DUBAI: Bahrain said it received $2.3 billion last year and is expecting another $2.28 billion in 2019 under an agreement with its Gulf allies to bail it out of a deficit, the government said on Thursday.
Saudi Arabia, Kuwait and the United Arab Emirates agreed last year to give Bahrain $10 billion to support the country’s funding requirements as it embarks on a fiscal program aimed at eliminating its budget deficit by 2022.
The announcement came as the kingdom prepares to return to the international bond market after it met with investors to discuss a possible new debt sale this year, which would be its first since its neighbors’ bailout.
A statement from the government’s media directorate, quoting a finance ministry representative, said “the first installment had been received in full, and that receipt of the second installment has already started.”
The Gulf kingdom said it is set to receive further payments of $1.76 billion in 2020, $1.85 billion in 2021, $1.42 billion in 2022 and $650 million in 2023.
The statement added that the year-on-year budget deficit would fall from 6.2 percent of GDP in 2018 to 3.4 percent in 2019 and further to 2.1 percent in 2020.
Bahrain’s bonds have become among the most profitable in the Gulf since the bailout last year. They offer investors the returns of a junk-rated country but without the risk of impeding defaults, given the support of its wealthier neighbors.
But the bonds dropped on Wednesday, partly because of news about the new debt sale but also because the government scrapped plans to reform its subsidy system, undermining efforts to mend its finances, as reported by Reuters on Tuesday.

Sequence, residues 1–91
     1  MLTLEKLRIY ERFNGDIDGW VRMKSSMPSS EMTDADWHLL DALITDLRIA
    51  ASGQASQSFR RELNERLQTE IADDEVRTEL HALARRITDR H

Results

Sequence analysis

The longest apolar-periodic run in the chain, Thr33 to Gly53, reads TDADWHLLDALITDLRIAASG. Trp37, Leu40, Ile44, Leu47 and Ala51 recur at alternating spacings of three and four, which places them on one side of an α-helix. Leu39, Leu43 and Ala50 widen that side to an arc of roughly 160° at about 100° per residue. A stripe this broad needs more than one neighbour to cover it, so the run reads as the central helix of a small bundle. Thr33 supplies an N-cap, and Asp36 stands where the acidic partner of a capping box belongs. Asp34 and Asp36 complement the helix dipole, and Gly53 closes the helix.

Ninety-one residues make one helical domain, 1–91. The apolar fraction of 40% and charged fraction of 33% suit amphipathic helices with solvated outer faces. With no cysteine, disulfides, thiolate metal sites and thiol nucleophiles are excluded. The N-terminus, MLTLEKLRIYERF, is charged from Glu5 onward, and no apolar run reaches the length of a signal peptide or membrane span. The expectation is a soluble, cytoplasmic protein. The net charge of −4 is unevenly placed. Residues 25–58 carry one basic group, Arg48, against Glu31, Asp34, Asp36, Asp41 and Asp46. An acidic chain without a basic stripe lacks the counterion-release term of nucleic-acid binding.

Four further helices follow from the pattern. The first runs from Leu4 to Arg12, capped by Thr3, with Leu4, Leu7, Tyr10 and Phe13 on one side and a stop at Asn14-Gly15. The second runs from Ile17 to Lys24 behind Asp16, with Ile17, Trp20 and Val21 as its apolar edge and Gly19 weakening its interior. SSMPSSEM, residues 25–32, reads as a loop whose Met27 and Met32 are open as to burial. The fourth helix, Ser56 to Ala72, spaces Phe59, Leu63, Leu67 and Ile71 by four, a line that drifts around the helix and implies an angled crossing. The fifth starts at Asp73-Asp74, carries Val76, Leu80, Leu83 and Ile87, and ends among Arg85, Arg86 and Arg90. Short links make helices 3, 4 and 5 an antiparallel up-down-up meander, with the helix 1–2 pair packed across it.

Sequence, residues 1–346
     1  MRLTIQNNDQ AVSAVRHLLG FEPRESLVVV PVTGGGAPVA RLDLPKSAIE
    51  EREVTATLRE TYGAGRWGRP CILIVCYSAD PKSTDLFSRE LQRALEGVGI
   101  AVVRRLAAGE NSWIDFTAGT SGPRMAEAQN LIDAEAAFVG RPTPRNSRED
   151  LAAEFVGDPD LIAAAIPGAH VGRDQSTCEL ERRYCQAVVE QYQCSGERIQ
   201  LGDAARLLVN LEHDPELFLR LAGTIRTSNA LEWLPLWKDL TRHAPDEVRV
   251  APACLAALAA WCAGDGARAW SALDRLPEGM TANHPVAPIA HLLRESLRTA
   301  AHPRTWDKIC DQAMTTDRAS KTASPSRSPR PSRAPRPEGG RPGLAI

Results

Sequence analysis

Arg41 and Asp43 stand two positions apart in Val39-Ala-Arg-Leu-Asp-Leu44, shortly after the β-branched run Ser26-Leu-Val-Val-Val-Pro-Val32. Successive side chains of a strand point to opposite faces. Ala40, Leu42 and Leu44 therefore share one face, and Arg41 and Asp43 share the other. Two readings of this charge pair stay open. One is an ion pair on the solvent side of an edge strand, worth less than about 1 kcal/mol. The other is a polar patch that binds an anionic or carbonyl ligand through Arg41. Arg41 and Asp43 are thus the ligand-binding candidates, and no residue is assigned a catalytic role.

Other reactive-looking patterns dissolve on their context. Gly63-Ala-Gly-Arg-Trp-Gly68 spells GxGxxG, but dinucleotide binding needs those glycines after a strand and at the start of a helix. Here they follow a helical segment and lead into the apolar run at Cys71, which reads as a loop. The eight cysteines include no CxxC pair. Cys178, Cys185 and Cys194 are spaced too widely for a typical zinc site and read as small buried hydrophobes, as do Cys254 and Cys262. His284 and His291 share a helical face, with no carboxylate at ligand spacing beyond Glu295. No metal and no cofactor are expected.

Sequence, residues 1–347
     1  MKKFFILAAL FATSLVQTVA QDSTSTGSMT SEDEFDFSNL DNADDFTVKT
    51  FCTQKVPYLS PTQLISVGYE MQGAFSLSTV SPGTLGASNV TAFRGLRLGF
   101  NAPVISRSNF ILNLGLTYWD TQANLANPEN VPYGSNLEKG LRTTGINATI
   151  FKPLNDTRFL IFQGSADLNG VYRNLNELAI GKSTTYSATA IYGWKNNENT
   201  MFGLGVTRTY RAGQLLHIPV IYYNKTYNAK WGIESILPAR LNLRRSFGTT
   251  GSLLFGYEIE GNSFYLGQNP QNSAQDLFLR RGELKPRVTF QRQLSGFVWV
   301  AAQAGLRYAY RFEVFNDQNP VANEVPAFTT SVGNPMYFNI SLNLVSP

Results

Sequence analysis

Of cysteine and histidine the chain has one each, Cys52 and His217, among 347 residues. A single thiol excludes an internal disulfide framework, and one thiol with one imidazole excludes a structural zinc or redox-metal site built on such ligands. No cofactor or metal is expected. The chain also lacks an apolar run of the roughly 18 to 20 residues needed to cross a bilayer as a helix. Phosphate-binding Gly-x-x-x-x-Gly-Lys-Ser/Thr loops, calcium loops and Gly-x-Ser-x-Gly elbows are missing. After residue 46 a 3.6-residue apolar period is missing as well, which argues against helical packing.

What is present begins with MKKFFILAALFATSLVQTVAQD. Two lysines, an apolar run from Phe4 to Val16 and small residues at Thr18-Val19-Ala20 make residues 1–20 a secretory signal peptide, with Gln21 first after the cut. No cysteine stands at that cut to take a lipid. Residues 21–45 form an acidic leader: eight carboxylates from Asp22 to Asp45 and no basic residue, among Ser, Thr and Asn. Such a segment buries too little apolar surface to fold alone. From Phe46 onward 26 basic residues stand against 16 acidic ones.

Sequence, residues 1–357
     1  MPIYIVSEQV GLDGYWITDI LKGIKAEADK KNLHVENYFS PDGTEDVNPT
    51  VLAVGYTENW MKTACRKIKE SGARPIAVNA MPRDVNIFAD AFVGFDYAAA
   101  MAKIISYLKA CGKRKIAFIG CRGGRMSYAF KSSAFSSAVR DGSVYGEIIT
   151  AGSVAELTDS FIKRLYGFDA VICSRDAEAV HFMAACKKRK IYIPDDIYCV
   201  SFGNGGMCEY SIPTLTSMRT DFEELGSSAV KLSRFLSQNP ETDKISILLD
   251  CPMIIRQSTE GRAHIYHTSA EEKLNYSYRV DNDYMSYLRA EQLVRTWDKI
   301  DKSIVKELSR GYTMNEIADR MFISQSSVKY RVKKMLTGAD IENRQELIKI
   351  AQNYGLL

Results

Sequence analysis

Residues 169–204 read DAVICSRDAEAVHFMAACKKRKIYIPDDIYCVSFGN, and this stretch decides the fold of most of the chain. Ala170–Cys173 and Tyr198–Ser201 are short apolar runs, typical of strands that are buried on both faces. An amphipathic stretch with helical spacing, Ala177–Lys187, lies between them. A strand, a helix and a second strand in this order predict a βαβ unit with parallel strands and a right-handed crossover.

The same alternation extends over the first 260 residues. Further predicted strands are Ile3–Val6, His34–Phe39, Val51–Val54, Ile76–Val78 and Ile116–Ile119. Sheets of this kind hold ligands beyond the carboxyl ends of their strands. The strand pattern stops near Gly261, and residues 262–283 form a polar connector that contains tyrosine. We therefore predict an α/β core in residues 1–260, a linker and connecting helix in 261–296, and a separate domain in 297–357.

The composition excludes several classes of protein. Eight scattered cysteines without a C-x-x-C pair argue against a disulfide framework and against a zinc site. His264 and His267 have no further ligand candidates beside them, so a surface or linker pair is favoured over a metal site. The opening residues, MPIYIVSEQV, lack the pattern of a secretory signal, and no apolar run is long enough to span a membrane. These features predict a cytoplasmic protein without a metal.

Bahrain’s international bonds were weaker on Wednesday, with bonds due in 2026 and in 2028 both shedding around 0.5 cents on the dollar.
As part of last year deal with its neighbors, Bahrain embarked on a series of reforms last year, among them imposing a 5 percent value-added tax, further subsidy cuts and a voluntary retirement plan for state workers.
But the government ditched the subsidy reform because its Sunni Muslim rulers were worried that austerity moves would bolster the majority Shiite-led opposition and stir more of the unrest that has rattled the kingdom since Arab Spring uprisings of 2011.
The government said later it reconfirmed its commitment to subsidy reform and that it would be implemented in coordination with parliament.
“The deficit is down over a third and annual GDP growth remains robust. Bahrain is demonstrating its commitment to delivering strong, sustainable economic growth through swift implementation of the Fiscal Balance Program,” the statement said.
The price of Bahrain’s 2028 dollar bonds have risen since the Gulf bailout from a record low last June when the country looked in danger of default. But that upward trajectory could go into reverse if Manama does not tackle its spending overruns.